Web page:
Is There Room Today?

Christians around the world are preparing for Christmas Day; these past four weeks we have been on a journey. Advent is the time of the year when we expectantly wait for the coming of the Christ child; Advent invites us to experience Christmas anew. Christmas is less about lights, trees and a jolly man in a red suit and more about the coming of the Savior of the world. Each Christmas is an invitation to allow this coming to permeate our hearts and souls to be transformed by the presence of God with us.

Advent is about the colliding of two worlds. On one hand, we have the “secular” world. This world is the one we live in. On the other as people of faith we have the world of the holy. Many Christians believe in the full presence of God in the world who is in all things at all times. These two worlds seem to be in conflict with each other and it is highlighted each Advent.

With flashing lights and dramatic sales, the secular world as taken a religious holiday and it made it a selling tool. Christians around the world get caught up in the joyous nature of the season which on the surface is not wrong. Celebrating the coming of the Christ is a joyous occasion but have we missed the bigger picture?  Have we shifted the focus too far away from the manger in Bethlehem?  Have we allowed the secularization of the holiday to cloud our vision as we wait for the Christ-child to come in our lives again this Christmas Day?

Only two gospels share the story of Christmas, Matthew and Luke. Luke’s accounts tells us of Mary and Joesph traveling to the city of Bethlehem to register with the Roman government.  There Mary gave birth to Jesus in a stable because there was no room for them in the local inn.

Would we welcome Mary and Joseph today? The answer of our heart is one of a resounding “yes!”. Our actions however every other day of the year may tell a different story.

Reformer Martin Luther in his 1543 Christmas sermon wrote: “There are of many of you who think to yourselves: ‘If only I had been there! How quick I would have been to help the baby!” … Why don’t you do it now? You have Christ in your neighbor. You ought to serve your neighbor, for what you do to your neighbor in need you do to the Lord Christ himself.”

We turn away Mary and Joseph all the time. Mary and Joseph come to us in the form of hungry children, refugees from war torn areas and families living paycheck to paycheck; to deny them denies Christ. While we might think that we would not be so cold or brash, to judge someone based on their country of origin, gender or immigration status means that we have decided to turn away the image of God. We metaphorically say “there is no room in the inn for you tonight.” Is there room today? Who are we turning away in the name of our religion or personal/political causes?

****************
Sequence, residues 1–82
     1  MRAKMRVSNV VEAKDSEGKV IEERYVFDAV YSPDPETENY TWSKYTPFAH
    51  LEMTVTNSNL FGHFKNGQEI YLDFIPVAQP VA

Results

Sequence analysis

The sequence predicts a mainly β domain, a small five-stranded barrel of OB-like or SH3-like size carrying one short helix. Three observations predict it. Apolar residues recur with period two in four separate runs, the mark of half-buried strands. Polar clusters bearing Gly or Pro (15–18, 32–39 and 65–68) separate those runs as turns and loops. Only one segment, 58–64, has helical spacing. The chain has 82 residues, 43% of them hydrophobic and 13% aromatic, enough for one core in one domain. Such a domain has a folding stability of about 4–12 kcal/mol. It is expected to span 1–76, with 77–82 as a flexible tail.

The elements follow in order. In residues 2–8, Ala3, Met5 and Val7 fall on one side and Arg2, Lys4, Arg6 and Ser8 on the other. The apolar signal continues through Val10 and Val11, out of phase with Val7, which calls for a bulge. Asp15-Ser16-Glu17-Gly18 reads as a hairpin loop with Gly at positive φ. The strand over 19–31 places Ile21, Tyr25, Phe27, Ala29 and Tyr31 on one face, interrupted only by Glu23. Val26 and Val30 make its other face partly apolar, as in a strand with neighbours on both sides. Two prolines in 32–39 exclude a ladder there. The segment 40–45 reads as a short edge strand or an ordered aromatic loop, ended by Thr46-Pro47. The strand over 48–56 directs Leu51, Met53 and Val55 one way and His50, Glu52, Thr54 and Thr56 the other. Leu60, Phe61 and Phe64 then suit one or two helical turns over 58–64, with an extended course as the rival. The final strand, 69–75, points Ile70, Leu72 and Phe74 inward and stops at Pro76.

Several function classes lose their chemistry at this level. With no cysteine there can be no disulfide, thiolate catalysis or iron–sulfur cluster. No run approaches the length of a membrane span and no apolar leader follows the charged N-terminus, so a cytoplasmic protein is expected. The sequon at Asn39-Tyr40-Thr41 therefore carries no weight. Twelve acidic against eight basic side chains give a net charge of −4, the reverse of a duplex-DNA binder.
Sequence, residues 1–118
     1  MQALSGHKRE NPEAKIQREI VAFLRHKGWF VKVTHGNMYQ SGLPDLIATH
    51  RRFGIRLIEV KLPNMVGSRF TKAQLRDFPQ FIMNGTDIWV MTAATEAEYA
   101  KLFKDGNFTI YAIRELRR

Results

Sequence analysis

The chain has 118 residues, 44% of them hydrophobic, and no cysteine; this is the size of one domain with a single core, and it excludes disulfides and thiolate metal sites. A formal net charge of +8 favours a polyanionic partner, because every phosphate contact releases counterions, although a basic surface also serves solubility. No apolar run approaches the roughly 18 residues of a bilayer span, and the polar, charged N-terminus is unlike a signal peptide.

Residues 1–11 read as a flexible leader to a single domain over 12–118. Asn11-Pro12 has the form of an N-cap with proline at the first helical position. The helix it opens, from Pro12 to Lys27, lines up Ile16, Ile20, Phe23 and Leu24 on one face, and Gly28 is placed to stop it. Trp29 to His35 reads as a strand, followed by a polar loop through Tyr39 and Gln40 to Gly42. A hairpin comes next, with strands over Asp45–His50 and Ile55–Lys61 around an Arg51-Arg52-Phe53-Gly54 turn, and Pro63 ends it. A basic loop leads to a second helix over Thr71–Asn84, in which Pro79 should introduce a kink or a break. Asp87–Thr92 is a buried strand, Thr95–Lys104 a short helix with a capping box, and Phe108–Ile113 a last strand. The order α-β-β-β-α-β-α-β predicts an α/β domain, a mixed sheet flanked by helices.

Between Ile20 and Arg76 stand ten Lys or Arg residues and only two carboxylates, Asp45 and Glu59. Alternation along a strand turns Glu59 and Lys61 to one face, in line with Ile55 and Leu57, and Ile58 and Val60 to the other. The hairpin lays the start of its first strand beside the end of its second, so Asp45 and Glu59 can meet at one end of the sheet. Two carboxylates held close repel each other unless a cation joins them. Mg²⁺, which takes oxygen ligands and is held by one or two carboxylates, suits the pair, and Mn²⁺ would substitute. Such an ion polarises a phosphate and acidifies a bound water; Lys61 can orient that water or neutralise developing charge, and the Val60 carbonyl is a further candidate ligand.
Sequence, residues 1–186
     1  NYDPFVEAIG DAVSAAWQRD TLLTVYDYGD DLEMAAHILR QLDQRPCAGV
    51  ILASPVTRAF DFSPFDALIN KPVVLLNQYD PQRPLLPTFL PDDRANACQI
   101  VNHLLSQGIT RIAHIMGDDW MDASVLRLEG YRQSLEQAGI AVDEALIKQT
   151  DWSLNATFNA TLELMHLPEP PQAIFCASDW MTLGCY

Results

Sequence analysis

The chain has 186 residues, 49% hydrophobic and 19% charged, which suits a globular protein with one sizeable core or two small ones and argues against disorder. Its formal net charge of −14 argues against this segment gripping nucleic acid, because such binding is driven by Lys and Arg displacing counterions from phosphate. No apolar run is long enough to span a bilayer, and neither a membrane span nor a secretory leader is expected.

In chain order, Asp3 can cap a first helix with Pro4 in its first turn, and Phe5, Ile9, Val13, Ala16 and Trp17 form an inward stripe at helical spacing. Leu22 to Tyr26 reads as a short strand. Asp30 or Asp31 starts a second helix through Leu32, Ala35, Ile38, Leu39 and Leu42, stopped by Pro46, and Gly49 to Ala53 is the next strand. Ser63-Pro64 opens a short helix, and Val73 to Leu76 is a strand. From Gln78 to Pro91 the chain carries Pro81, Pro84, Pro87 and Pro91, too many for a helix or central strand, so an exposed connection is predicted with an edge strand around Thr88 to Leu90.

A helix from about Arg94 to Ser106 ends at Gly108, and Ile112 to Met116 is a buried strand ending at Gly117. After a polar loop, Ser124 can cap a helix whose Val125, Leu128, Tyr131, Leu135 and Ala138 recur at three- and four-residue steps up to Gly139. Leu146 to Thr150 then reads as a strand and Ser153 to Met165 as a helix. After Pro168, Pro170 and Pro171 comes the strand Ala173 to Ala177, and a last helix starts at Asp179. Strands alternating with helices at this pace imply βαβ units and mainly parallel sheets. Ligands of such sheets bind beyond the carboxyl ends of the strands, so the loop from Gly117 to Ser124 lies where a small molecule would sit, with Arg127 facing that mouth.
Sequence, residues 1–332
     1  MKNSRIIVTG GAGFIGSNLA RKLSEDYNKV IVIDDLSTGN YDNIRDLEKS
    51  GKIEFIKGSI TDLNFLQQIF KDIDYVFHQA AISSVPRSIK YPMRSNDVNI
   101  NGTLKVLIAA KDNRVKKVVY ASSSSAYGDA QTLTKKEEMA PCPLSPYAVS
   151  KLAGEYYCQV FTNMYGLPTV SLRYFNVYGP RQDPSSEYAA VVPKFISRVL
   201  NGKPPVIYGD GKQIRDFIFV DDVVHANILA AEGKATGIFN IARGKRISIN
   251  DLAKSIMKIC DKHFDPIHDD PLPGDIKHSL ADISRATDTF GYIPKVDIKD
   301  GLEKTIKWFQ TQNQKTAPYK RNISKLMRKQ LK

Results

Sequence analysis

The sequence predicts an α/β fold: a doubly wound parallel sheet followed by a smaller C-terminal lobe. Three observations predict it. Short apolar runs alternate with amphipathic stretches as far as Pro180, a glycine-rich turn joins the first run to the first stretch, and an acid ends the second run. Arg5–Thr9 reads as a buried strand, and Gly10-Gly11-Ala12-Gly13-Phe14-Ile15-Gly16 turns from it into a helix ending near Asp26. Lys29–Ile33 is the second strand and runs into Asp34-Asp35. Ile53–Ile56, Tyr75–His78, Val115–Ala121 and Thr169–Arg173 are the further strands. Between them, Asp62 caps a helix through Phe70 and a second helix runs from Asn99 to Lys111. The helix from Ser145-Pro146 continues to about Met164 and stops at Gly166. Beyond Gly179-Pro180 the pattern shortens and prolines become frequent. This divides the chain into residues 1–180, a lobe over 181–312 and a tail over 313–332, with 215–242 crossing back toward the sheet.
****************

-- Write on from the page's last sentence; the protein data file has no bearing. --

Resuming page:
For Christmas to mean anything we have to see each other as the bearers of the image of God then Christ’s coming be will be transformational. This reflects the world in which God wants us to create. Christ taught that the most important and greatest commandment was to love God and to love every person just as much as you love your own self. Christmas each year reminds us that this is possible through the in breaking of the divine in a world that is in desperate need of a Savior.

People are more than the product of their decisions or perceived sins. They are beautiful children of God who God loves just as much as God loves you and me. Christmas is about the invading of the secular space and showing humanity that God’s love is real, God’s mercy is right and God’s grace is given to all people, in all places and at all times. Faithful Christians must reclaim this not just for the season of Advent and Christmas but for the entire year.

The story of Christmas reminds us that God can show up in unexpected places.  We need to remember this basic teaching.  The Holy Family might look as we see them depicted in art and icons, rather they right be right under our noses and we refuse to see them. Christmas is about the opening of our hearts to allow the wonderment that is the incarnation to affect the way that we view one another and the world around us.

God came to earth in a manger in Bethlehem but God is also here with us. We just have to know where to look. God is found in the laughter of children. God is found when families spend time together; God is found in homeless shelter, nursing homes and ICU waiting rooms. God is found in you and me and in the actions we take to make God’s all-encompassing love known. This is the real meaning of Christmas!

One of my favorite Advent hymns is “One Candle is Lit.”  The fourth stanza reads:

Come, wander where lion and lamb gently play,